John Dziak, Ph.D.
Research Associate, The Methodology Center
The Methodology Center
The Pennsylvania State University
427 Health and Human Development Building
University Park, PA 16802
Ph.D., The Pennsylvania State University, 2006 (Statistics)
M.S., The Pennsylvania State University, 2004 (Statistics)
M.A., The Catholic University of America, 2001 (Psychology)
B.S., The University of Scranton, 1999 (Psychology)
Research Interests and Collaborators
One of my main roles here at the Center is working on software development, in particular for our SAS procedures. I helped expand the functionality of our latent class analysis procedure PROC LCA, to allow for standard error estimation and for pseudolikelihood estimation with sampling weights. Additionally, I’ve been working with Bethany Bray and Stephanie Lanza on how best to include later outcome variables into latent class analysis (LCA) models, and the implications of different existing approaches to doing this. I help with simulating different scenarios and comparing outcomes of different methods under those scenarios.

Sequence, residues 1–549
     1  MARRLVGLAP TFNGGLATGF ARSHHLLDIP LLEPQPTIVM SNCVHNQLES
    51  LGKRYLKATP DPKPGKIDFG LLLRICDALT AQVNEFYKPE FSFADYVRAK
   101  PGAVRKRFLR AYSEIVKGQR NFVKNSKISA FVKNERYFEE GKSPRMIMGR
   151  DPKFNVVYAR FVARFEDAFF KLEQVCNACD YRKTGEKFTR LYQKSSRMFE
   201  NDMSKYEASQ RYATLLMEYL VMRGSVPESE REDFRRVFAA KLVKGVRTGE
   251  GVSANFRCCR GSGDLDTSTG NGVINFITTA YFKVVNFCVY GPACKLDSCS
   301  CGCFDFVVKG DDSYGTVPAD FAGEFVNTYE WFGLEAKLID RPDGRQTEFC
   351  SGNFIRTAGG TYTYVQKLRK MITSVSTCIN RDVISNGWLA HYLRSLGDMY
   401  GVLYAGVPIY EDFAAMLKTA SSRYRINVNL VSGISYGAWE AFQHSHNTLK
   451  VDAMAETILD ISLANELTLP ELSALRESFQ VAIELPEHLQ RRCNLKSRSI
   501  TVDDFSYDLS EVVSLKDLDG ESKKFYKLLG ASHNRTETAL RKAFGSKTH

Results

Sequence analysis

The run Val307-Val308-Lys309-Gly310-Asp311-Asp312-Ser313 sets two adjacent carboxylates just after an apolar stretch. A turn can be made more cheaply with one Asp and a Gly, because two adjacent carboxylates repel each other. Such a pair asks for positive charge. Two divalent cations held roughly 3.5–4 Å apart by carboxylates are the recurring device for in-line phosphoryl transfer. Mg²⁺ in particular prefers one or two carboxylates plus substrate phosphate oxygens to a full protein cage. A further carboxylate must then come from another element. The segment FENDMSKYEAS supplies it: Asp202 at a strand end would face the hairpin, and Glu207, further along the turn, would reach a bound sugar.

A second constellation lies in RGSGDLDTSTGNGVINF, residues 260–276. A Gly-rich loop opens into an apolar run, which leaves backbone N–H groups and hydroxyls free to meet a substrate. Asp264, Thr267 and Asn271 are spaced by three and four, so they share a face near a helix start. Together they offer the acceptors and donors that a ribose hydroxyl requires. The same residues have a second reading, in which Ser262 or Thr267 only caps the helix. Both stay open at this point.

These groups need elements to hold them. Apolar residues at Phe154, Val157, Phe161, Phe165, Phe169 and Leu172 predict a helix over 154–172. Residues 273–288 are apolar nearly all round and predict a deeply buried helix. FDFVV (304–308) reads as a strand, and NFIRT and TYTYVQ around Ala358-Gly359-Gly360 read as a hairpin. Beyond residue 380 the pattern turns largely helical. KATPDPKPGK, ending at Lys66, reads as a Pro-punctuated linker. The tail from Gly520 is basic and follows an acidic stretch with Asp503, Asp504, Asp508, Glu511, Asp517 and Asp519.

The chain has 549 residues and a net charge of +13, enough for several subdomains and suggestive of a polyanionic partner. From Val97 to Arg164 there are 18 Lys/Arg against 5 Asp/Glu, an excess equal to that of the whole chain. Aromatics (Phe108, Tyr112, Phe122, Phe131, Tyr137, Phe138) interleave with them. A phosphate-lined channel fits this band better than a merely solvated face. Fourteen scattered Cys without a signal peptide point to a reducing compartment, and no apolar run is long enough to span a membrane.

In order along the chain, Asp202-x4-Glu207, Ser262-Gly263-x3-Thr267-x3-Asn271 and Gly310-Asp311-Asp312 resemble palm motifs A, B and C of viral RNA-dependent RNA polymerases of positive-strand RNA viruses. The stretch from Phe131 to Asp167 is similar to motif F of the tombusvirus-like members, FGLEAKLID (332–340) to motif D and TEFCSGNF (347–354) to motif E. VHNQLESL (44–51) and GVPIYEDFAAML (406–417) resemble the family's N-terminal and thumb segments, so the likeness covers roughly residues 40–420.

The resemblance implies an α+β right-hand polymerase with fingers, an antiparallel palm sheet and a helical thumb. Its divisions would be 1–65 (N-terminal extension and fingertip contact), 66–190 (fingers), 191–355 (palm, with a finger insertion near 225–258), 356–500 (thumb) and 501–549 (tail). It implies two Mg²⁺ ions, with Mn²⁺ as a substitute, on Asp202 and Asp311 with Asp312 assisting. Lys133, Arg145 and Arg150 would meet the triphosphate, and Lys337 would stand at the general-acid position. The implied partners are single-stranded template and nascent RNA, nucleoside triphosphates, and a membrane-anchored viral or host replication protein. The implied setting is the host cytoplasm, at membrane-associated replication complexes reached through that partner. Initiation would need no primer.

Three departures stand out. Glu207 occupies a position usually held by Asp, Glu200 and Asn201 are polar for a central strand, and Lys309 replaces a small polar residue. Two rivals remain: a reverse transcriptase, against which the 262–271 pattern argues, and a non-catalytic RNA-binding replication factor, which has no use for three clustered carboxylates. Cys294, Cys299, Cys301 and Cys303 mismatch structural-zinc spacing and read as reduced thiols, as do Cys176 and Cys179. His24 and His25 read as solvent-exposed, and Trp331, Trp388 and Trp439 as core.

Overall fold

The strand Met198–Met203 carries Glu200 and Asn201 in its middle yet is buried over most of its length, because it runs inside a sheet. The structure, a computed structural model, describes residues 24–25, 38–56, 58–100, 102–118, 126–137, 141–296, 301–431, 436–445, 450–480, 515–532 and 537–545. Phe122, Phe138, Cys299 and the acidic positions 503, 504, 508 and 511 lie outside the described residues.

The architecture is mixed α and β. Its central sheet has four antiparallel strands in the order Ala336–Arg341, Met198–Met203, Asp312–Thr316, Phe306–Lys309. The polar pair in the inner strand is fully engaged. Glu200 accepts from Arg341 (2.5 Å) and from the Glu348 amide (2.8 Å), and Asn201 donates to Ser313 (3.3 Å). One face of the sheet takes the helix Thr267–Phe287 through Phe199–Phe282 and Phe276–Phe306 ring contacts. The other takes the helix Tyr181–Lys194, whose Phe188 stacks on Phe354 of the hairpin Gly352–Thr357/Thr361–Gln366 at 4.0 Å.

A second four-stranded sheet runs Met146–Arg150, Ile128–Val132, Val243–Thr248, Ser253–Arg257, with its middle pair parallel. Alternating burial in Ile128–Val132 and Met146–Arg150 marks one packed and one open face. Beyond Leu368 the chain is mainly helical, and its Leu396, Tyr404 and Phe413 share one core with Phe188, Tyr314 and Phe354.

I am very interested in the analysis of longitudinal data and am working with Runze Li, Xianming Tan, Anne Buu, and Stephanie Lanza on research related variations of the time-varying effect model (TVEM) for specific situations such as nonnumerical data, weighted survey data, or latent mixed populations. I have also been studying a related model, scalar-on-function functional regression, in which a time-varying predictor has a time-varying contribution to a non-time-varying outcome. In the usual TVEM, the outcome itself is also varying over time.
I’ve also been working with Linda Collins, Kari Kugler, and Inbal Nahum-Shani on the uses of factorial experimental designs for studying multiple-factor interventions. One area of interest is in the special challenges that arise in common situations in which study participants must be treated in clusters such as teams, schools or hospitals rather than being treated as individuals, and how this affects statistical power and required sample size. Another is how best to convert analyses of the results of factorial experiments into practical recommendations for improving interventions, in terms of efficacy or of efficiency.
I’m also very interested in model selection. My thesis had to do with the application of the SCAD (smoothly clipped absolute deviation) complexity penalty to functions other than likelihoods, such as generalized least squares or quadratic inference functions.